Volume 1, Issue 2, February 2015 - Page 14

14

February, 2015

Actuators, relays, and switches

Make life easier by incorporating these labor saving devices

by Pete Gregoire

Pushing and pulling, it’s a pretty simple concept when you can use your hands and muscles. Many everyday actions require these forces and it's second nature to make it happen. However, if you spend time on a boat steering a tiller outboard, a trolling motor, or a pusher fan you realize after a few hours that there could be a better way.

Many of us grin and bear it, knowing that we have control over these functions and can make adjustments instant-aneously as needed. We settle for the fatigue of holding the fan against the wind, or the throttle handle as we push through grass beds.

Years ago on my first bow-fishing boat, I used a foot-controlled trolling motor which required me to stand on one foot while using the other to steer, all while attempting to shoot fish. This was getting old fast and luckily Minn Kota had the answer. It was called the Co-Pilot and after installing this device on the side of my troller I had wireless

control at my fingertips for thrust and steering functions. I was no longer tethered to my troller and I could roam the boat as needed. I vowed that my next boat would be even more advanced.

I purchased my custom 2072 flat-bottom jon boat in early 2013 with the intention of guiding bowfishing clients as soon as there was open water in Wisconsin. In that first year I relied on a Minn Kota trolling motor with iPilot wireless controls. It worked very well under certain conditions, but like most things I realized I wanted more power.

I contemplated a pusher fan, but on most of the lakes I fish there are just too many houses. I decided on a kicker motor to give me more speed, cover more water, and push through tougher places, plus I had a 20 hp Yamaha outboard staring at me already.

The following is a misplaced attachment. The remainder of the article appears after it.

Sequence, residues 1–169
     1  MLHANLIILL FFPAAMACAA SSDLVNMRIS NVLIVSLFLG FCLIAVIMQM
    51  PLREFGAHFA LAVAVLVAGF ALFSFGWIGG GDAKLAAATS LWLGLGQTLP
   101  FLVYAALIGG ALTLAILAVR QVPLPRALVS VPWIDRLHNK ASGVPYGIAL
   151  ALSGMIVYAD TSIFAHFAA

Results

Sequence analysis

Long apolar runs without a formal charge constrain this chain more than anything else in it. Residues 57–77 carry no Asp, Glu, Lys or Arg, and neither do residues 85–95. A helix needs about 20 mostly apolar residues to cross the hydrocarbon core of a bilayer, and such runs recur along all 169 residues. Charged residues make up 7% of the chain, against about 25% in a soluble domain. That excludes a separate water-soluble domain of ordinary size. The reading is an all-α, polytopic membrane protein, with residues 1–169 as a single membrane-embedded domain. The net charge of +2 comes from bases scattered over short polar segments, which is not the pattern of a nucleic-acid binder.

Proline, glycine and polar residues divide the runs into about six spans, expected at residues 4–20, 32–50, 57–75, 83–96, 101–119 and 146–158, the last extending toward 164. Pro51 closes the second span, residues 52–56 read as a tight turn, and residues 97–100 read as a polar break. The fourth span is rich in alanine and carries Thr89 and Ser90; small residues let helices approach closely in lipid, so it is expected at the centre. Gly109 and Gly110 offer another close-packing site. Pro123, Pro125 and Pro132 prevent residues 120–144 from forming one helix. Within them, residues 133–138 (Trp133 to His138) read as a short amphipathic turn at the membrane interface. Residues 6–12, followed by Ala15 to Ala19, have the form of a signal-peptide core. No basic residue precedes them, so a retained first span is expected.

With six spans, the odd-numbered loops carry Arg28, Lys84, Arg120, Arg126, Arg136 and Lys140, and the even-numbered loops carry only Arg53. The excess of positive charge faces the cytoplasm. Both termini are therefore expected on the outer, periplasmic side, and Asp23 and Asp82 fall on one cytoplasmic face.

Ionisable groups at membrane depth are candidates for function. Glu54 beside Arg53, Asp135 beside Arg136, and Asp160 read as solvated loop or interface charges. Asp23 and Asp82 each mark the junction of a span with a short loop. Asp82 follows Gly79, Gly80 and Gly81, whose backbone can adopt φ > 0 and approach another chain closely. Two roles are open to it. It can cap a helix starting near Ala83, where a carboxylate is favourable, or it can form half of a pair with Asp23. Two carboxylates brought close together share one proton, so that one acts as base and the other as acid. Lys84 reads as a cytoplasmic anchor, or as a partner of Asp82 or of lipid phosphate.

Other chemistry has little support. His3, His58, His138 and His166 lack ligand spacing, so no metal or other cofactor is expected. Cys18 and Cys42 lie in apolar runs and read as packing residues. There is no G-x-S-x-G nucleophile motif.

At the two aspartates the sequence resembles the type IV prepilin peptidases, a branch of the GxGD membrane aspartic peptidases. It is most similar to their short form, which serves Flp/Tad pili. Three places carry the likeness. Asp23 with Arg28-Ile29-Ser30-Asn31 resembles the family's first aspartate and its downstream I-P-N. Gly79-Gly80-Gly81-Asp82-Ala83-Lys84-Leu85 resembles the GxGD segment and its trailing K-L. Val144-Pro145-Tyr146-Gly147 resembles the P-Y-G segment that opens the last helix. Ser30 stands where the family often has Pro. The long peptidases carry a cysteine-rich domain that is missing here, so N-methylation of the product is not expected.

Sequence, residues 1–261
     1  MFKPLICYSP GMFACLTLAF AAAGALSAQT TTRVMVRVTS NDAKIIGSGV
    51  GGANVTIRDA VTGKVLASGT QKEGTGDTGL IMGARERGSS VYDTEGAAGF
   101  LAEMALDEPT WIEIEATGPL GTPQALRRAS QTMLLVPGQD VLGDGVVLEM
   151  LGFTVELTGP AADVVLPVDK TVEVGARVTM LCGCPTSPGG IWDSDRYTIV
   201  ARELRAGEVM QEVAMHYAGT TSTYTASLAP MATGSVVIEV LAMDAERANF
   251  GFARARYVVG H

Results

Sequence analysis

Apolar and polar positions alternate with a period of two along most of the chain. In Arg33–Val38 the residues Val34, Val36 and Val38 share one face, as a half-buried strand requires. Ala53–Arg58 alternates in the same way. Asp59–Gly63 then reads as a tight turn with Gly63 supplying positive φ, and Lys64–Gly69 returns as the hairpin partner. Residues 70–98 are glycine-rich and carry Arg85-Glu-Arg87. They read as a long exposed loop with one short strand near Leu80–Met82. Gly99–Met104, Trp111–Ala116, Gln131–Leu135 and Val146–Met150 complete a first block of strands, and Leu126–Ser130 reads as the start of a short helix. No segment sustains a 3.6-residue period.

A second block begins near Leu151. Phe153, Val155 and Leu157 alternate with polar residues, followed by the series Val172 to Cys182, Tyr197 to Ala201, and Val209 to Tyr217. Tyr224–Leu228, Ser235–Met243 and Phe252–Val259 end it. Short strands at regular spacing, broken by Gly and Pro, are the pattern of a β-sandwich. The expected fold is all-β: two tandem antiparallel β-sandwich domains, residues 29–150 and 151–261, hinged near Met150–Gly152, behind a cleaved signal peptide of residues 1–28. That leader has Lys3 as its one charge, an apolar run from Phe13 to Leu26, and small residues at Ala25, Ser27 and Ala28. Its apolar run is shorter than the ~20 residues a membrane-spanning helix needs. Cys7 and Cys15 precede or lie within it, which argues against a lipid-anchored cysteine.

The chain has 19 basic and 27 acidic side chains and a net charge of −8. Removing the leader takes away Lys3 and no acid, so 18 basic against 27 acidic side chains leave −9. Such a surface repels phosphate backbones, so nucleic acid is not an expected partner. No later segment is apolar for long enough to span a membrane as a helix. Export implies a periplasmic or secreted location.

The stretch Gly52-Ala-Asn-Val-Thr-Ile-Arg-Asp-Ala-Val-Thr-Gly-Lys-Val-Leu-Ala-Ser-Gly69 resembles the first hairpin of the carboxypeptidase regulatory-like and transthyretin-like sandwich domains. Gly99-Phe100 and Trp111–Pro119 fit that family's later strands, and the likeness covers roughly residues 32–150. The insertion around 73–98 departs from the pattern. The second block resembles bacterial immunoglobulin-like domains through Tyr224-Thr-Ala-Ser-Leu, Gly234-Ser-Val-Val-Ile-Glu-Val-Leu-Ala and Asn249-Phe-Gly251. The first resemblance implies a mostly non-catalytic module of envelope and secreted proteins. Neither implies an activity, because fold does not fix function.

I spent time researching how to rig for this set up, but there wasn’t a lot of information on the subject. I was determined to control actions like steering, throttle, and shifting through the use of a joystick, as well as wirelessly. In order to make that happen I needed an education in three things, switches, relays, and actuators.

I purchased a custom, industrial joystick through PQ Controls in Connecticut. It is what they call a bang-bang joystick because you have to move the stick a certain amount in one direction to activate a microswitch inside.

There were four of these microswitches on the X and Y axis of the stick. I wired the X axis (side to side) to control my steering and the Y axis (front to back) to control my throttle.

The joystick also contained

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Switches come in many varieties. This switch is a standard single pole rocker switch that works well with a static load, like lights. Another nice feature here is that the switch is lighted, making it easier to find in the dark.

Switches have ratings. Make sure that your switch is rated for the current value (amps/A) and the voltage (V) for the load you are placing on it. Four 50 watt LED lights would be all that I would put on one of these switches as they pull in nearly 5 amps each.

Actuators come in all shapes and sizes. Pay attention to static and dynamic loads, speed, stroke, and voltage requirements to find the best option for your application.